duced on one side than on the other, or it may be attached at or 
near the center of the top, when the cap is more evenly developed 
on all sides. It is often crenate or lobed on the margin, the 
larger plants showing this character more prominently. The margin 
is incurved. The gills are white, wooly, branched and extend out 
toward the margin of the cap like the radiations of a fan. The gills 
are deeply split along the edge, and strongly revolute. It is a very 
pretty plant, but one becomes rather tired of collecting it because it 
is so common. It may be found at all seasons of the year on dead 
sticks and branches, either in the woods or elsewhere, if the branches 
are present. It is very coriaceous, and tough. During dry weather 
it is much shrunken and curled up, but during rains it expands 
quickly and then it is seen in its beauty. 

Figure 133 shows the plant in the expanded condition, from the 
under side. The plants were growing on a hickory branch, and 
were dry and shrunken when brought in the laboratory. The branch 
and the fungus were placed in water for a few hours, when the fun- 
gus expanded, and was then photographed in this condition. 


This genus is characterized, according to Fries, by the gills being 
channeled along the edge, but singularly the only species attributed 
to the genus in Europe and in our country has not channeled gills, 
but only somewhat crisped along the edges. It is usually, therefore, 
a difficult matter for a beginner to determine the plant simply from 
this description. The gills are furthermore narrow, irregular, and 
the plants are somewhat soft and flabby when wet, but brittle and 
persistent when dry, so that when moistened they revive and appear 
as if fresh. 

Trogia crispa Fr. — This species is the principal if not only one in 
Europe and America. It is widely distributed, and sometimes not 
very uncommon. It occurs on trunks, branches, etc., often on the 
birch. The plants are from 0.5-1 cm. broad, usually sessile. The 
upper surface is whitish or reddish yellow toward the attachment, 
sometimes tan color, and when young it is sometimes covered with 
whitish hairs. The gills are very narrow, vein-like, irregular, inter- 
rupted or continuous, and often more or less branched. The gills are 
very much crisped, hence the name, blunt at the edge and white or 
bluish gray. The caps are usually much crowded and overlapped in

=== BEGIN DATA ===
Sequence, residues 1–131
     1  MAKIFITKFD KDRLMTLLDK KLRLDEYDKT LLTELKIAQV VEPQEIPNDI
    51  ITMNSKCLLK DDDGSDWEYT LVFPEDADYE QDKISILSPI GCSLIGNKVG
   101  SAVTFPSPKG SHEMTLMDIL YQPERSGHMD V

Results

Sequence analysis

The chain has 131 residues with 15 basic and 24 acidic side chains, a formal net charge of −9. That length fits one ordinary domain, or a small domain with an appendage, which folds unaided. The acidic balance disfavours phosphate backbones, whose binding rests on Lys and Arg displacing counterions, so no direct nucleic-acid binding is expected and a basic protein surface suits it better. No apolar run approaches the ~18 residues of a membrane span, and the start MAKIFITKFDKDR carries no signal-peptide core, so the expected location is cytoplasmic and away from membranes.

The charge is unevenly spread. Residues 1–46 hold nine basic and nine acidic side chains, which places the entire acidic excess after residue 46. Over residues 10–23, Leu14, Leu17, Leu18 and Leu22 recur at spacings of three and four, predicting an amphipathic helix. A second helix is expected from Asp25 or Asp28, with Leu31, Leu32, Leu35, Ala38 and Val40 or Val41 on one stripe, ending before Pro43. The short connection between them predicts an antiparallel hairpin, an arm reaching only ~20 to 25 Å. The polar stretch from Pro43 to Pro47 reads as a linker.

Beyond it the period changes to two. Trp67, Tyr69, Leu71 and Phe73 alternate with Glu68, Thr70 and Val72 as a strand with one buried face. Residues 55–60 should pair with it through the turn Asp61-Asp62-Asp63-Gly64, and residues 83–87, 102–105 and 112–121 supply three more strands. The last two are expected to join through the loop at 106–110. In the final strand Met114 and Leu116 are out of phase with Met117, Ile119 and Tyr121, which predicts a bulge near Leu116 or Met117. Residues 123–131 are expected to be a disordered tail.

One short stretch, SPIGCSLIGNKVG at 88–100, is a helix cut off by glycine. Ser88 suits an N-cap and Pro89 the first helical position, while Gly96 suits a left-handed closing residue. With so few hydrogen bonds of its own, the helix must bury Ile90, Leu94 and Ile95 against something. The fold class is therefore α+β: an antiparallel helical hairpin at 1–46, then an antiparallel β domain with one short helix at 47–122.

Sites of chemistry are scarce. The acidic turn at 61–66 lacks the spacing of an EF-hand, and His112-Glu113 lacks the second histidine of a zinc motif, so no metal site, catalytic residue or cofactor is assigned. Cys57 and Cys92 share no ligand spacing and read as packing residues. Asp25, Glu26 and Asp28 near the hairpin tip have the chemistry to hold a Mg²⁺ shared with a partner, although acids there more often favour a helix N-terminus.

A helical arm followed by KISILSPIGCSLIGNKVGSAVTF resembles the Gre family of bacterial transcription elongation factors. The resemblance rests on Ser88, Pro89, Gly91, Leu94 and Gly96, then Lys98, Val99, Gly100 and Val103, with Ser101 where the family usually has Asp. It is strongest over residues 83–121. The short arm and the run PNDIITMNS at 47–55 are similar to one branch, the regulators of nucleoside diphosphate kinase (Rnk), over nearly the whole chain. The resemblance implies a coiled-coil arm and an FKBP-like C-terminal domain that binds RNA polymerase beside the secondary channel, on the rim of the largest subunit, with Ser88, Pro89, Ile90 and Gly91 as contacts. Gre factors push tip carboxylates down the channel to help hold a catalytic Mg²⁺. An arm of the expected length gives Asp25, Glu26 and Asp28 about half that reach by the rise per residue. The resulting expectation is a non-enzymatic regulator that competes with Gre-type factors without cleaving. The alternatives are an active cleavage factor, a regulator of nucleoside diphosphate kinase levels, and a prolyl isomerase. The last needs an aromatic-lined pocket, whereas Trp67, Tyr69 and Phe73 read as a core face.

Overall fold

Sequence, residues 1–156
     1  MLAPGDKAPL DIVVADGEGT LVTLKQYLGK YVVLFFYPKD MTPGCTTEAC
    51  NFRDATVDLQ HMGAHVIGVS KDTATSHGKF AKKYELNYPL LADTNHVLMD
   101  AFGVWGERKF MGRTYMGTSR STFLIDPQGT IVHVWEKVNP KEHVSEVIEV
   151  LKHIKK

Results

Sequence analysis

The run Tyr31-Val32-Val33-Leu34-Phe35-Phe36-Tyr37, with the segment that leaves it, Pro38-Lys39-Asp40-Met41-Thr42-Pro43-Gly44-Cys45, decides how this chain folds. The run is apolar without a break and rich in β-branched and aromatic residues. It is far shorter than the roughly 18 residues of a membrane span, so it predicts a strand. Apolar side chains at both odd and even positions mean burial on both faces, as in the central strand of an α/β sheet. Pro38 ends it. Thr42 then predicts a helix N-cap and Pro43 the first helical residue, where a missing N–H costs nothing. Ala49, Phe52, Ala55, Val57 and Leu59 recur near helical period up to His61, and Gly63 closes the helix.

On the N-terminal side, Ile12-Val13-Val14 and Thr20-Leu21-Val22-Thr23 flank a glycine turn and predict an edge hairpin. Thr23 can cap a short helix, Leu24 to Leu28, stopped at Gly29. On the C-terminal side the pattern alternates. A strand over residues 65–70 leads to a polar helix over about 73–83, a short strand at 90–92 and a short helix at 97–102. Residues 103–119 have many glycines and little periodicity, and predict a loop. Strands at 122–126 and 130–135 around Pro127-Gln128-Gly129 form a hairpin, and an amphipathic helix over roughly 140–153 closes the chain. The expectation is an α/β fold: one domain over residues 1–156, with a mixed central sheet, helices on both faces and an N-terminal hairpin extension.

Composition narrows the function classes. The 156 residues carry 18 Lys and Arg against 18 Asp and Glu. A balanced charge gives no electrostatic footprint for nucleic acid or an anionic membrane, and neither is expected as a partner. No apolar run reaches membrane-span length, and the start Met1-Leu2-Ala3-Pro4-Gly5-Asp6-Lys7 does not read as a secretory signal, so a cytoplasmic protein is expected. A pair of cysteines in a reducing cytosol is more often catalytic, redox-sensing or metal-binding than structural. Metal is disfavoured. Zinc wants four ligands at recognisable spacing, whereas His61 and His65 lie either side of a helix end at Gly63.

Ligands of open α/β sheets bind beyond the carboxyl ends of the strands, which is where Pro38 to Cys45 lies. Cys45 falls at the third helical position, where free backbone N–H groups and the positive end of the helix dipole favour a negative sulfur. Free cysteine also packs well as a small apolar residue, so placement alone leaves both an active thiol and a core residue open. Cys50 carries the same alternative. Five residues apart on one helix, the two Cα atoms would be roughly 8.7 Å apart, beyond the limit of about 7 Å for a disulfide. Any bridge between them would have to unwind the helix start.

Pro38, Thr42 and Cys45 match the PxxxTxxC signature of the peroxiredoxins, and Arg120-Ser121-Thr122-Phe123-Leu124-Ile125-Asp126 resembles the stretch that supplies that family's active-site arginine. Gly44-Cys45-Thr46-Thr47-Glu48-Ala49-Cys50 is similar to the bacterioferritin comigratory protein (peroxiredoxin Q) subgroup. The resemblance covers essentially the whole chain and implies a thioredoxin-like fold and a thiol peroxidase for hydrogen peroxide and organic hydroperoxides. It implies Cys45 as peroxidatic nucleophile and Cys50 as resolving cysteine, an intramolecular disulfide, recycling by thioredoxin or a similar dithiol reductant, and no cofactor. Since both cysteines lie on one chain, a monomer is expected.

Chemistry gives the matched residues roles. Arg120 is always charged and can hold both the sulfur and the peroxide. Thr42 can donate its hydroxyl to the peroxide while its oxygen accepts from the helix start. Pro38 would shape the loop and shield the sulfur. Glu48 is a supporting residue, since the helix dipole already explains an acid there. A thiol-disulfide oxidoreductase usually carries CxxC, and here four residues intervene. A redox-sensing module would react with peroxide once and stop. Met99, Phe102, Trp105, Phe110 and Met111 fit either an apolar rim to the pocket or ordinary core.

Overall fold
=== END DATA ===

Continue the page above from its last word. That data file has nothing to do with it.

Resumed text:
an imbricated fashion as shown in Fig. 134; a photograph of a fine 
specimen after being moistened. 



The spores are rosy, pink, salmon colored, flesh colored, or red- 
dish. For analytical keys to the genera see Chapter XXII. 


In the genus Pluteus the volva and annulus are both wanting, the 
gills are usually free from the stem, and the stem is easily broken 

Figure 135. — Pluteus cervinus. Cap grayish brown, or sooty, smooth or some- 
times scaly, rarely white, stem same color, but paler; gills first white, then 
flesh color (natural size, often larger). Copyright. 

out from the substance of the cap, reminding one in some cases of a 
ball and socket joint. The substance of the cap, is thus said to be 
not continuous with that of the stem. The spores seen in mass are 
flesh colored as in other genera of this subdivision of the agarics. 

Pluteus cervinus Schaeff. Edible. — This is one of the very common 
species of the higher fungi, and is also very widely distributed. It 




varies considerably in size and appearance. It is 7-15 cm. high, the 
cap 5-10 cm. broad, and the stem 6-12 mm. in thickness. It occurs 
on the ground from underground roots or rotten wood, or grows on 
decaying stumps, logs, etc., from spring until late autumn. Some- 
times it is found growing in sawdust. 

The pileus is fleshy, bell-shaped, then convex, and becoming 
expanded, the surface usually smooth, but showing radiating fibrils, 
grayish brown, or sometimes sooty, sometimes more or less scaly. 
The gills are not crowded, broad, free from the stem, white, then 

Figure 136. — Pluteus tomentosulus. Cap and stem entirely white, gills flesh 
color, stem furrowed and tomentose (natural size). Copyright. 

becoming flesh color with the maturity of the spores. One very 
characteristic feature of the plant is the presence of cystidia in the 
hymenium on the gills. These are stout, colorless, elliptical, thick- 
walled, and terminate in two or three blunt, short prongs. 

The stem is nearly equal, solid, the color much the same as that 
of the pileus, but often paler above, smooth or sometimes scaly. 

In some forms the plant is entirely white, except the gills. In 
addition to the white forms occurring in the woods, I have found them 
in an old abandoned cement mine growing on wood props. 


Pluteus tomentosulus Pk. — This plant was described by Peck in the 
32d Report, N. Y. State Mus., page 28, 1879. It grows on decaying 
wood in the woods during July and August. The plants are 5-12 
cm. high, the cap 3-7 cm. broad, and the stem 4-8 mm. in thickness. 
The description given by Peck is as follows : ** Pileus thin, convex 
or expanded, subumbonate, dry, minutely squamulose-tomentose, 
white, sometimes pinkish on the margin ; lamellae rather broad, 
rounded behind, free, crowded, white then flesh colored ; stem equal, 
solid, striate, slightly pubescent or subtomentose, white ; spores sub- 
globose, 7 ywin diameter, generally containing a large single nucleus." 
From the plant collected at Ithaca the following notes were made. 
The pileus and stem are entirely white, the gills flesh color. The 
pileus is expanded, umbonate, thin except at the umbo, minutely 
floccose squamulose, no pinkish tinge noted ; the flesh is white, but 
on the umbo changing to flesh color where wounded. The gills are 
free, with a clear white space between stem and rounded edges, 
crowded, narrow (about 3-4 mm. broad) edge finely fimbriate, prob-